Vendor onboarding is a necessary and often challenging step in forging business relationships.
Corporate buyers must gather data to ensure that potential suppliers can meet their procurement needs, but their research does not stop there. They also need to collect and verify vendors’ details to comply with anti-crime regulations, adhere to tax reporting requirements and deliver convenient digital payments to these suppliers.
Smooth B2B operations depend on robust data gathering, but many companies rely on manual methods to collect information and complete supplier enrollment. This can make the process more cumbersome and introduce errors if some facts are recorded incorrectly or not at all. This month’s Deep Dive explores how digital onboarding portals can ease these frictions.
Keeping Up With Data Demands
Corporate buyers must initially research potential partners to ensure that they are operationally stable and can maintain steady flows of goods and services. Missed due dates can prevent buyers from meeting their own client commitments, after all. Carefully vetting new suppliers thus often involves examining details such their credit and performance histories.
Corporate buyers that have gathered enough information on potential business partners then need to answer to regulators. The procuring parties must ensure that suppliers are aboveboard and that engaging with them will not support criminal enterprises. This requires buyers to abide by various know your customer (KYC), anti-money laundering (AML) and other anti-financial crime policies to ensure vendors are not involved in illicit activities or on sanctions lists — all of which entails collecting and verifying vendor details.
Preventing crime also includes thwarting tax fraud, and companies must obtain certain details to fulfill their tax reporting responsibilities. Buyers must acquire documents, such as W-8 or W-9 tax forms and information like taxpayer identification numbers (TINs) from vendors, then validate their details to meet tax obligations. Corporate buyers that fail to adhere to these regulatory requirements could face audits, fines and tax withholdings.
The next step for businesses that have satisfied their own data gathering requirements and answered their governments’ questions is acquiring details that allow them to make swift, digital payments. Companies may be eager to ditch paper checks and other manual methods from their B2B payment flows, as 24 percent of accounts payable (AP) professionals say that such processes worsen vendor relationships. Switching to digital transactions often necessitates more supplier details, however, as companies need to verify vendors’ bank account information to issue electronic payments made via automated clearinghouse (ACH), for example.
Many companies lack digital methods for gathering and managing this information, with 49.5 percent of AP departments saying they conducted vendor enrollment entirely or partly via manual methods in 2019. Some firms employed digital approaches for part of this process; 72.1 percent of surveyed organizations used digital means to help them gather suppliers’ credit information, and 68.4 percent obtained information digitally about suppliers’ past performances, for example.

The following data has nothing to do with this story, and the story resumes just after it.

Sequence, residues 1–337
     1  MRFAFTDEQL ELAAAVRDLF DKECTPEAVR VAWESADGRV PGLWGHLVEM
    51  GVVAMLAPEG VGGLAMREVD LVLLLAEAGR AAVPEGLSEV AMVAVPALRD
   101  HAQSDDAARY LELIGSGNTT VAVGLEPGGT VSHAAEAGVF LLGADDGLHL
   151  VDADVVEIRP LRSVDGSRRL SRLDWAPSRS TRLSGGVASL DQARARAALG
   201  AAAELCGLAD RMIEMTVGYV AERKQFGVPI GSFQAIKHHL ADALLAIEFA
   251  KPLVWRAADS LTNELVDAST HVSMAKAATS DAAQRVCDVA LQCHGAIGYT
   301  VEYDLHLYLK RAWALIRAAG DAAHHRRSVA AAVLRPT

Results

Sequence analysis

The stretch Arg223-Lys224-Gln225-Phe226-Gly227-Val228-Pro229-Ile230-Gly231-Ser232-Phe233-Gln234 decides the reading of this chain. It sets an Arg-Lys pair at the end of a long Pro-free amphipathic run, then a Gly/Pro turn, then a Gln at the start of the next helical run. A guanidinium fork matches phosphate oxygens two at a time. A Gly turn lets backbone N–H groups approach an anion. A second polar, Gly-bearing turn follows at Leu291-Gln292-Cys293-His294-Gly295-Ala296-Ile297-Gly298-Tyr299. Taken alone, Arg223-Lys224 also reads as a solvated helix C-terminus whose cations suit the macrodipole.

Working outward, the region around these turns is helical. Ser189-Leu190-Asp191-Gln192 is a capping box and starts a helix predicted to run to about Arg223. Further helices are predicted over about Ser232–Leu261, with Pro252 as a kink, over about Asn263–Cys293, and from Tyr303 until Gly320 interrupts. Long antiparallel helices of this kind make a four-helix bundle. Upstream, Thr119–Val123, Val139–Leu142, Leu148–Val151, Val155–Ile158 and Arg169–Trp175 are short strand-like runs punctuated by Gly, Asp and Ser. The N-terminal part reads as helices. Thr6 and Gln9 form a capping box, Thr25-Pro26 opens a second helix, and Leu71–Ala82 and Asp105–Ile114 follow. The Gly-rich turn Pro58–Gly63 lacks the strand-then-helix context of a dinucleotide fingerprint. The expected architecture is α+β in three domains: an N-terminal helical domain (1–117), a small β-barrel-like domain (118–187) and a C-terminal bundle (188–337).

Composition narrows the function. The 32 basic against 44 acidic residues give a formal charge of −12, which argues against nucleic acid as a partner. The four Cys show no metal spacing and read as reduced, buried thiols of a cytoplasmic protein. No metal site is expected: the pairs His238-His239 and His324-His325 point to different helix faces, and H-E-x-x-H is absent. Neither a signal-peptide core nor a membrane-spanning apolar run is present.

The continued use of manual-heavy procedures causes friction, however. Employees must spend considerable time sorting through documents and reaching out to suppliers for additional details when they find information gaps, for example. Fifty-two percent of organizations struggled with “inconsistent” vendor information, according to a 2019 study. Such issues could require making phone calls or sending emails to vendors for clarification to resolve the problem.
Not all companies manage to keep up with their data gathering needs. One survey that polled 1,040 U.S. businesses found that only 30.7 percent checked suppliers’ ownership structures, while 26.7 percent confirmed that suppliers were not on international sanctions’ lists. Tools that help companies quickly obtain relevant details might help boost these figures, however. Fifty-eight percent of business leaders reportedly said data insights could improve their regulatory compliance and help them identify fraud risks, for example.
Supplier enrollment portals could help. These software solutions enable vendors to go through onboarding processes without needing buyers’ help, saving time for both parties. They also guide suppliers through filling in the various information fields. Having vendors enter their own details — rather than assigning that task to buyers’ employees — can also reduce the risk of errors and provide greater security than asking vendors to send sensitive payment details via email or other channels. Onboarding portal tools can also automatically validate the entered information, making it faster and easier to check suppliers against sanctions lists and confirm their TINs and addresses.
Vendor portals are helpful for not only receiving details but also storing and accessing them later. These portals provide centralized locations that allow buyers’ AP teams to view vendor information and keep accompanying records about invoices, payment histories and related details. Having all of this data in one spot can make it easier for employees to find what they need. Staff members might use the portals to view new invoices, confirm upcoming payments and then pull up suppliers’ payment details to ensure the transactions are delivered.
Providing smooth, compliant B2B payments often requires a large amount of data collection and management, but software solutions can reduce some of this burden. Corporate buyers may find that portals offer key assistance in helping them meet internal and regulatory requirements while also extending convenient, digital payment experiences.